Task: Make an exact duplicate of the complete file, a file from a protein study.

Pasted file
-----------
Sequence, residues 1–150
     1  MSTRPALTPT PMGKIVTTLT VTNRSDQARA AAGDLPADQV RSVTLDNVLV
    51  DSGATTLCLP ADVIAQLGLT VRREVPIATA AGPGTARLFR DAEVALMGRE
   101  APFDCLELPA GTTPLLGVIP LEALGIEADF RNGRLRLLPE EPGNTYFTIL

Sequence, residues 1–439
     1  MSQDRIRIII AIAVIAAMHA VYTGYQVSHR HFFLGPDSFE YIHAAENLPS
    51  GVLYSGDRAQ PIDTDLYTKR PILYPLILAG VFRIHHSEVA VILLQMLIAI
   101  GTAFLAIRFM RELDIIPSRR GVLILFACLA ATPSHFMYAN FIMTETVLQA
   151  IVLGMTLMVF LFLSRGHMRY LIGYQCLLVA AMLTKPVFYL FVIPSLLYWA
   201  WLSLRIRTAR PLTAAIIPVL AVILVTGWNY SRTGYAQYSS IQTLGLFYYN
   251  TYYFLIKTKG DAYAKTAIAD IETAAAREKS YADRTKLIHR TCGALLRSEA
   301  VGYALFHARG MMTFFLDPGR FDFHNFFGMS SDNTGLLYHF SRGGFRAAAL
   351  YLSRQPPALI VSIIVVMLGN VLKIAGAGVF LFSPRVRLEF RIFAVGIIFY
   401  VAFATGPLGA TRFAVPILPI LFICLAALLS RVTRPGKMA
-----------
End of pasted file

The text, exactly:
Sequence, residues 1–150
     1  MSTRPALTPT PMGKIVTTLT VTNRSDQARA AAGDLPADQV RSVTLDNVLV
    51  DSGATTLCLP ADVIAQLGLT VRREVPIATA AGPGTARLFR DAEVALMGRE
   101  APFDCLELPA GTTPLLGVIP LEALGIEADF RNGRLRLLPE EPGNTYFTIL

Sequence, residues 1–439
     1  MSQDRIRIII AIAVIAAMHA VYTGYQVSHR HFFLGPDSFE YIHAAENLPS
    51  GVLYSGDRAQ PIDTDLYTKR PILYPLILAG VFRIHHSEVA VILLQMLIAI
   101  GTAFLAIRFM RELDIIPSRR GVLILFACLA ATPSHFMYAN FIMTETVLQA
   151  IVLGMTLMVF LFLSRGHMRY LIGYQCLLVA AMLTKPVFYL FVIPSLLYWA
   201  WLSLRIRTAR PLTAAIIPVL AVILVTGWNY SRTGYAQYSS IQTLGLFYYN
   251  TYYFLIKTKG DAYAKTAIAD IETAAAREKS YADRTKLIHR TCGALLRSEA
   301  VGYALFHARG MMTFFLDPGR FDFHNFFGMS SDNTGLLYHF SRGGFRAAAL
   351  YLSRQPPALI VSIIVVMLGN VLKIAGAGVF LFSPRVRLEF RIFAVGIIFY
   401  VAFATGPLGA TRFAVPILPI LFICLAALLS RVTRPGKMA